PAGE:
How To Protect Your Time Off From Constant Emails (And Other “Important” Requests)

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This is a guest post by Chris Lema he’s a long-time friend and partner on building my website and online platform. He is a genius across many fields. You can learn more about him here. 

By Chris Lema

We’ve all been there before, right? You’re out, enjoying time with friends or family and then you check your phone. You know you shouldn’t have. But you did. And what do you find? People have sent you a bunch of weekend emails. What do you do?

After all, if you reply right away, you’re basically conditioning your people to constantly expect a rapid response – even on the weekend. Do this for long and you’ll have no life. Or hate the life you have.

On the other hand, if you don’t react, you could come across as “too” casual and potentially lose a client.

It feels like there are no good answers – no good options. I don’t know if there’s a “right” answer. But I can tell you my approach.

Sometimes they really are urgent

You and I both know that sometimes the emails we get on the weekend are legit. They really are urgent and immediate attention is required.

Even if you’ve never had a client with an eCommerce store whose solution suddenly fails, losing tens of thousands of dollars an hour with it, surely you can agree with me that some situations require serious and immediate attention.

Of course those situations never happen on weekdays from nine to five. No, they show up at midnight or two in the morning, on the weekend.

So yes, sometimes the emails we get really are urgent. But that’s not most of them, right?

People & situations dictate urgency

The other thing we can agree on is that emergencies aren’t the only reason an email could be considered critical. Yes, emergency situations are a valid reason, but so are certain people.

You know what I’m talking about, right? Certain relationships just require an immediate response.

If they’re a massive donor, a very key volunteer, or someone in great need that you specifically need to help, you might have to respond immediately.

When someone like that emails me, I step up. I keep that list short, But when I have them, I check emails regularly.

Emergencies aren’t the only reason an email could be considered critical. Yes, emergency situations are a valid reason, but so are certain people. @chrislema Click To Tweet

The best way to approach me

Let’s assume the email doesn’t require an immediate response.

Let’s assume the email comes from a regular person and is a “regular” email.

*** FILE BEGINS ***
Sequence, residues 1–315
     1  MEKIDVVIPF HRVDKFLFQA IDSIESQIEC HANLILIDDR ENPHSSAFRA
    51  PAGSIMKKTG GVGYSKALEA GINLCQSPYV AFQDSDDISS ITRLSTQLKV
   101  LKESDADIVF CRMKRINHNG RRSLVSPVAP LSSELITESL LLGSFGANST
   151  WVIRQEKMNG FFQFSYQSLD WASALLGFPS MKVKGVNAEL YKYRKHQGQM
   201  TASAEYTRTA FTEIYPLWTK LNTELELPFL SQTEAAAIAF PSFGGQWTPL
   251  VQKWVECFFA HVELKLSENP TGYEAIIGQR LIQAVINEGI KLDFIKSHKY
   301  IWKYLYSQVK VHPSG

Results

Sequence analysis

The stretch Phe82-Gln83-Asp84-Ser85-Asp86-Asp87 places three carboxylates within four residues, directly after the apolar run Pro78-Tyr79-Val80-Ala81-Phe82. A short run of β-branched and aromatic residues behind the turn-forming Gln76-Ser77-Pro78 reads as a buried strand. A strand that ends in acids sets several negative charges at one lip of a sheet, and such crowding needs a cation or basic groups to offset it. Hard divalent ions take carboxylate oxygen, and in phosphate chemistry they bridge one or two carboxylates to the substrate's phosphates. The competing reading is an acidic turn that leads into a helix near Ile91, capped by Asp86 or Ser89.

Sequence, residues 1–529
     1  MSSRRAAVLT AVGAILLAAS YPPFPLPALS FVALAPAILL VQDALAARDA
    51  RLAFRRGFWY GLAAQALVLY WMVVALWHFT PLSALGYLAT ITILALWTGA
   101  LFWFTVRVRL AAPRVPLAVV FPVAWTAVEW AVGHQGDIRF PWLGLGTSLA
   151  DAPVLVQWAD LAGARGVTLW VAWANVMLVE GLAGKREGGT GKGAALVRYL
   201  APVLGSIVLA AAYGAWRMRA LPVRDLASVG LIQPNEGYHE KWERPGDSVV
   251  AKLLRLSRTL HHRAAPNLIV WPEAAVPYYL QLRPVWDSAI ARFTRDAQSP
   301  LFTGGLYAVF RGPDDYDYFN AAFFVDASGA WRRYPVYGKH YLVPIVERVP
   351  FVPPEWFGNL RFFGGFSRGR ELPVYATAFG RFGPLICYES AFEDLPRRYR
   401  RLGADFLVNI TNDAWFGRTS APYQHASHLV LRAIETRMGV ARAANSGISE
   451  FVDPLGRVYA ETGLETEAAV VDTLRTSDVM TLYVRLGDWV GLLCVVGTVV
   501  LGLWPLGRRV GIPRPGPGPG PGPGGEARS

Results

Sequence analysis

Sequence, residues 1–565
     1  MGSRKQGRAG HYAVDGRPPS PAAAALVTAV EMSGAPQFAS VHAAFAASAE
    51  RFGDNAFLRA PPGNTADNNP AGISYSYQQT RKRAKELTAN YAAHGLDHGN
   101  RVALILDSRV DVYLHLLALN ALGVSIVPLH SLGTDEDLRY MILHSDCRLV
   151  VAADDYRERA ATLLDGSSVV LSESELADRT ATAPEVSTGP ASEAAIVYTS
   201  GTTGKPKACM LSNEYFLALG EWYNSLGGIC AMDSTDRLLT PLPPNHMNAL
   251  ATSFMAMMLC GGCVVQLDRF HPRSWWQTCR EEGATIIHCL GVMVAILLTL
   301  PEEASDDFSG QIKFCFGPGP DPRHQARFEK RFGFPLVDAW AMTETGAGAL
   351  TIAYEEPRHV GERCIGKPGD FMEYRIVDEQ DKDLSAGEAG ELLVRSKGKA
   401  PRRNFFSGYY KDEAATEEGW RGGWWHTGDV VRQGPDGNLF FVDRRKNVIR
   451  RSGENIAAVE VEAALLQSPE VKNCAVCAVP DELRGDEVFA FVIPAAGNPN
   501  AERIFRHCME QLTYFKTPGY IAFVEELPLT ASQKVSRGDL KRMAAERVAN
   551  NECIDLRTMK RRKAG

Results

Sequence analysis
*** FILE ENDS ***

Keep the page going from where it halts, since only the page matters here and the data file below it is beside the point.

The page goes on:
I ask people to specifically highlight when they’d like a response and why. I also ask them to consider that it’s my weekend and my default is not to reply.

Here’s my simple list of instructions:

  1. Tell me the problem.
  2. Tell me why it’s a problem.
  3. Tell me if you need a response or fix right away (urgent?)
  4. Read the whole email a second time (remove all caps, remove “just”)

The worst way to approach me

The worst way to send me weekend emails? There are some people who have mastered the art of messaging in a way I can’t stand.

I try to filter these out long before they become clients.

They use words like,

  • Disappointed
  • Absolute failure
  • Immediate
  • Right away
  • NOW

Do you see what these words have in common? They’re extreme.

I can’t stop people from writing emails like that. But it won’t help their case. In fact, it starts putting me in a defensive posture pretty quickly.

How I manage clients & their weekend emails

So given all the above, here’s what I do with those weekend emails.

First, I read all of them.

Even if I decide not to act on them, I read every one.

Some I skim, others I read thoroughly. But I read them all.

Second, I rate / rank them.

I evaluate whether the situation is a serious work-stoppage, life-altering, holy-hell-that’s-bad issue. If it is, I get on the phone or zoom and call my client.

There’s no use sending emails back and forth.

Third, if things are bad, getting on video or on the phone is critical.

But what if it’s not critical?

Fourth, if it’s important but not urgent, I send a quick templated reply.

If the issue is important but not urgent, I want people to know I’m paying attention. I want them to know I received their email and that I have plans to act (even if it won’t be right away). Plus, because it’s a template, it takes me virtually no time.

Here’s the template:

“Just a quick reply to let you know I got your email. As it’s the weekend, and I’m away from the computer, I wanted to let you know that I’ll follow up first thing Monday morning to dig into this.

If this is actually causing work-stoppage (like the entire site is down), or is costing you money (like transactions aren’t working), shoot me a reply and I can get someone to look at it asap.

Thanks and I hope your weekend is a good one.”

Fifth, I just let those weekend emails sit.

If the email isn’t urgent and isn’t important, after a quick read, I’ll let it sit. Again, I don’t want to create an unhealthy pattern – and replying to every email on the weekend eliminates my weekend.

If the email isn't urgent and isn't important, let it sit. @chrislema Click To Tweet

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Carey Nieuwhof
Carey Nieuwhof

Carey Nieuwhof is a best-selling leadership author, speaker, podcaster, former attorney, and church planter. He hosts one of today’s most influential leadership podcasts, and his online content is accessed by leaders over 1.5 million times a month. He speaks to leaders around the world about leadership, change, and personal growth.